Kapur and Khosla bring us up to date on the judiciary’s interventions, noting that the court is a key arena where private and state interests clash. They usefully deduce 10 categories under which disputes could be classified: reservations; minority institutions; right to education; faculty, administrative staff, and curricula (the largest category); remuneration; fees; admissions; disciplinary actions against students, and examinations; grant-in-aid; and establishment/recognition/affiliation disputes. Other than the staff category, most prominent were issues related to internal governance such as fees, admission, and disciplinary action (p 213). As the authors point out, this means that the judiciary is often willing to intervene even when there are no entirely obvious reasons as to why they should do so. Perhaps, the reason is their sense of the keen centrality of the moral notion of “commercialisation” and “profiteering” (as opposed to “reasonable profit”).

Problems of Commercialisation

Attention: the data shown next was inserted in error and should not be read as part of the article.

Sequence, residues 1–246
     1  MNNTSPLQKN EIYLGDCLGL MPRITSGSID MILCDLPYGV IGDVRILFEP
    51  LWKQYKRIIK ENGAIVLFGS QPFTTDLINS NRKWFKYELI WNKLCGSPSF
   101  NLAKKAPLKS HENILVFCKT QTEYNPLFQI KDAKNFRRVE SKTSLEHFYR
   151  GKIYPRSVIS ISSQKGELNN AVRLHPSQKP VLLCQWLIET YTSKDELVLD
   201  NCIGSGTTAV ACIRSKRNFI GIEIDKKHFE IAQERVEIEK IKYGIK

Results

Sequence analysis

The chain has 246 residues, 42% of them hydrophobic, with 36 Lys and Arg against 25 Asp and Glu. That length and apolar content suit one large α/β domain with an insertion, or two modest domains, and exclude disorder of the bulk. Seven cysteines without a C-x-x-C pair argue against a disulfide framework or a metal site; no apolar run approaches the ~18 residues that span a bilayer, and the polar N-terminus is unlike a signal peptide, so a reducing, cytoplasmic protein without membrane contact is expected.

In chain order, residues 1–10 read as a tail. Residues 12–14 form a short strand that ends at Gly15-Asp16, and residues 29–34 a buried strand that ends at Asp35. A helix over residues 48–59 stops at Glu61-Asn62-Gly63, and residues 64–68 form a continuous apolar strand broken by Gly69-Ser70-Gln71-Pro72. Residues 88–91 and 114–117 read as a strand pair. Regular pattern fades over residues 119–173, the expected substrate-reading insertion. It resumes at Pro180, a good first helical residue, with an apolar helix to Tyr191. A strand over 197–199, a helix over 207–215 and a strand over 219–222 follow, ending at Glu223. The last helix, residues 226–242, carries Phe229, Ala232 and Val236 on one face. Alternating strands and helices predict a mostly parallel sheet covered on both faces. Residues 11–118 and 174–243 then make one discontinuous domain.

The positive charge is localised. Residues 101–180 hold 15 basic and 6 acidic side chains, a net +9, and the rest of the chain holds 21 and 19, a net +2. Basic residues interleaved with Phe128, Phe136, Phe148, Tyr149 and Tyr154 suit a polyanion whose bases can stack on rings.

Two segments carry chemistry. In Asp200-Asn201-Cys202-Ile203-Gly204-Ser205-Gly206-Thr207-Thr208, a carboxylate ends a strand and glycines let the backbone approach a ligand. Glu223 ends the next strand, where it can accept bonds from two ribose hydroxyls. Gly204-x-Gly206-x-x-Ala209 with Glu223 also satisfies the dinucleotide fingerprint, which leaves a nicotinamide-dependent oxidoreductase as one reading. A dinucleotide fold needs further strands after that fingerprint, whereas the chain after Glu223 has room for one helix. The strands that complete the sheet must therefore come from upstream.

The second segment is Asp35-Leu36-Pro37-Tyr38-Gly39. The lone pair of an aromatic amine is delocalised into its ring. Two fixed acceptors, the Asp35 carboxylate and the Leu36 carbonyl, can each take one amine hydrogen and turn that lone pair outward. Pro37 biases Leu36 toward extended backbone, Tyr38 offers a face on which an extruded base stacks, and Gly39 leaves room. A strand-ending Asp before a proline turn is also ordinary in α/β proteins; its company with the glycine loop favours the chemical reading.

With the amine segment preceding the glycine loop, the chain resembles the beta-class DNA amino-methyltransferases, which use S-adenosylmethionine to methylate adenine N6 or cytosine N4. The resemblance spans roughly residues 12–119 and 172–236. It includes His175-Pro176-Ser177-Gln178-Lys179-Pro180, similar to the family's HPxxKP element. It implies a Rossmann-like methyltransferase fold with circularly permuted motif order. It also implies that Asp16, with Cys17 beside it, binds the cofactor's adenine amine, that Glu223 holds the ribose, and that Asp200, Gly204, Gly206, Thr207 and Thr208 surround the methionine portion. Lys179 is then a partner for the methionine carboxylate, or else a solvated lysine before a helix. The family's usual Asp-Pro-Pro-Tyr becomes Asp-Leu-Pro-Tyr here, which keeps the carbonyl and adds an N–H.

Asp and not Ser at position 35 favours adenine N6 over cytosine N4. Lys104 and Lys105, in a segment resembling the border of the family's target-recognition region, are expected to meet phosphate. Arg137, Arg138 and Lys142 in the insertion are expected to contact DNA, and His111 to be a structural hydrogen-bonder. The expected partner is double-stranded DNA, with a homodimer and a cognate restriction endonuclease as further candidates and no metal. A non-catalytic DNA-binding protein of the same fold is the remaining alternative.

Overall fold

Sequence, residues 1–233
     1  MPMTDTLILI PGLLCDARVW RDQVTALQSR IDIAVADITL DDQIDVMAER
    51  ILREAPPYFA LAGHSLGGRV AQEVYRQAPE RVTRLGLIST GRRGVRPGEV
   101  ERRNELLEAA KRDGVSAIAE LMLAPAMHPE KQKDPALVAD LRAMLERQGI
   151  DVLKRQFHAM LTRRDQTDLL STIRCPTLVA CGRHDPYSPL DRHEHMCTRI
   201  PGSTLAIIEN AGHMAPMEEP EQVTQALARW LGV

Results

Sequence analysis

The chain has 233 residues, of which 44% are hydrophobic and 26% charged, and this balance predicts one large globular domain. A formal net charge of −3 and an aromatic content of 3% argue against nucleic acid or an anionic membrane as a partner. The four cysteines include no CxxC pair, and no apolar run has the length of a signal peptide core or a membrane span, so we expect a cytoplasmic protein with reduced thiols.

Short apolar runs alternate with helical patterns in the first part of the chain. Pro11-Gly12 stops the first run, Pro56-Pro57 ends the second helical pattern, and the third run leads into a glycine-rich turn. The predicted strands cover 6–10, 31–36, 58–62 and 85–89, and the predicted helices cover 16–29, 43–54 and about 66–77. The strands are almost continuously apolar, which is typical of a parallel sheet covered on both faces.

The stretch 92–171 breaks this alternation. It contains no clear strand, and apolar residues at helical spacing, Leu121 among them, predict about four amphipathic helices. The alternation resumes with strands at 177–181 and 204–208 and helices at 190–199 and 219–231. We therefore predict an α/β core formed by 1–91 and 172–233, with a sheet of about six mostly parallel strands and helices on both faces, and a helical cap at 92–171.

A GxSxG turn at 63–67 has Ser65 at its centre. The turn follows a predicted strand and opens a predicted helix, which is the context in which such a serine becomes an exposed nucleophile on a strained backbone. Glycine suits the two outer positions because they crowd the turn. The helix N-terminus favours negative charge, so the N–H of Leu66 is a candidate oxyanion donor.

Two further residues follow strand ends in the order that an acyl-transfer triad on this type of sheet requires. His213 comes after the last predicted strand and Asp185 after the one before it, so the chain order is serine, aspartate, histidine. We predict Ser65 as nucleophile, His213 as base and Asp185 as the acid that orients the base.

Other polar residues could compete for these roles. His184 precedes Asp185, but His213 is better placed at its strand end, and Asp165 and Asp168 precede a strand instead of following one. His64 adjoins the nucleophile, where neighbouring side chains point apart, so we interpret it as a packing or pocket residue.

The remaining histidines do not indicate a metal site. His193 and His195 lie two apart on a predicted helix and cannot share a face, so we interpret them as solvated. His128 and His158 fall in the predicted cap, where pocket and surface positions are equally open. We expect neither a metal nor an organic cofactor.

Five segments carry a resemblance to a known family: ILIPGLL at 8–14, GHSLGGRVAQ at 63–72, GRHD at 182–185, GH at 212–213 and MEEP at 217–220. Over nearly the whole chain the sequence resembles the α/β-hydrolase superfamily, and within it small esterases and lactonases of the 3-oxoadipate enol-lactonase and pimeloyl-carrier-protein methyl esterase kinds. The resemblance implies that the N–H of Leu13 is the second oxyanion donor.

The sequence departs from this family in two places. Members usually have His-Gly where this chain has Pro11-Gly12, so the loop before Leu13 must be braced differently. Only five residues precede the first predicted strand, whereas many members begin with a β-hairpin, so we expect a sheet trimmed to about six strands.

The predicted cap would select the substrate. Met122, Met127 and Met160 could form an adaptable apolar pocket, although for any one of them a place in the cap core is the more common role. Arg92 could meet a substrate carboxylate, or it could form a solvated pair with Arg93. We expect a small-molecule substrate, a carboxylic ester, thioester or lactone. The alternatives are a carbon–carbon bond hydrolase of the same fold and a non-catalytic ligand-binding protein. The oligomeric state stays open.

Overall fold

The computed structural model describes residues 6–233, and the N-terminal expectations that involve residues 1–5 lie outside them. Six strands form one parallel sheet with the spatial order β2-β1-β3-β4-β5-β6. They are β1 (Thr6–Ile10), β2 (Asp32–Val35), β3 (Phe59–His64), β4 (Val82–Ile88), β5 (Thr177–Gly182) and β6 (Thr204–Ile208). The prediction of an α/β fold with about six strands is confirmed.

K P Krishnan, the only government representative in the volume, has a substantial intervention on “commercialisation.” Krishnan is Secretary, Ministry of Skill Development and Entrepreneurship, and his chapter discusses improved financing mechanisms. He reminds us that the expenditure per student for education is actually declining (the many college libraries that seemed to have stopped buying new books for decades are intuitive testaments to this). The government is increasingly unable to fund them, and costs are shifted to students, though ideally new players should emerge: philanthropy, alumni networks, etc. One may note that the difficulty in India regarding need- and merit-based scholarship is that there is much fudging of income, and the middle classes use the instances of the truly disadvantaged to avail themselves of subsidies. A further problem is that “merit” is defined by ill-designed standardised tests, and so scholarships do not go to the best people. According to Krishnan, student loans are already having significant impact on households. These are becoming impossible to pay back, especially in “semi urban” areas (p 196). As this state of affairs cannot continue, there may be a return to a policy of lending only to the already advantaged households. Therefore, it is important to make universities partly accountable for their high fees in terms of their social role, placements, research profile, and other criteria. Right now, unscrupulous marketing—such as publicising the salaries of the odd successful student, instead of offering publicly available and verifiable information on median, average salaries and unemployment—should be curbed. The media can clearly play a role here in investigating claims. Krishnan rightly argues that universities need to be invested in the continuous customisation of the quality and purpose of education, rather than just be content with scoring varying kinds of fees.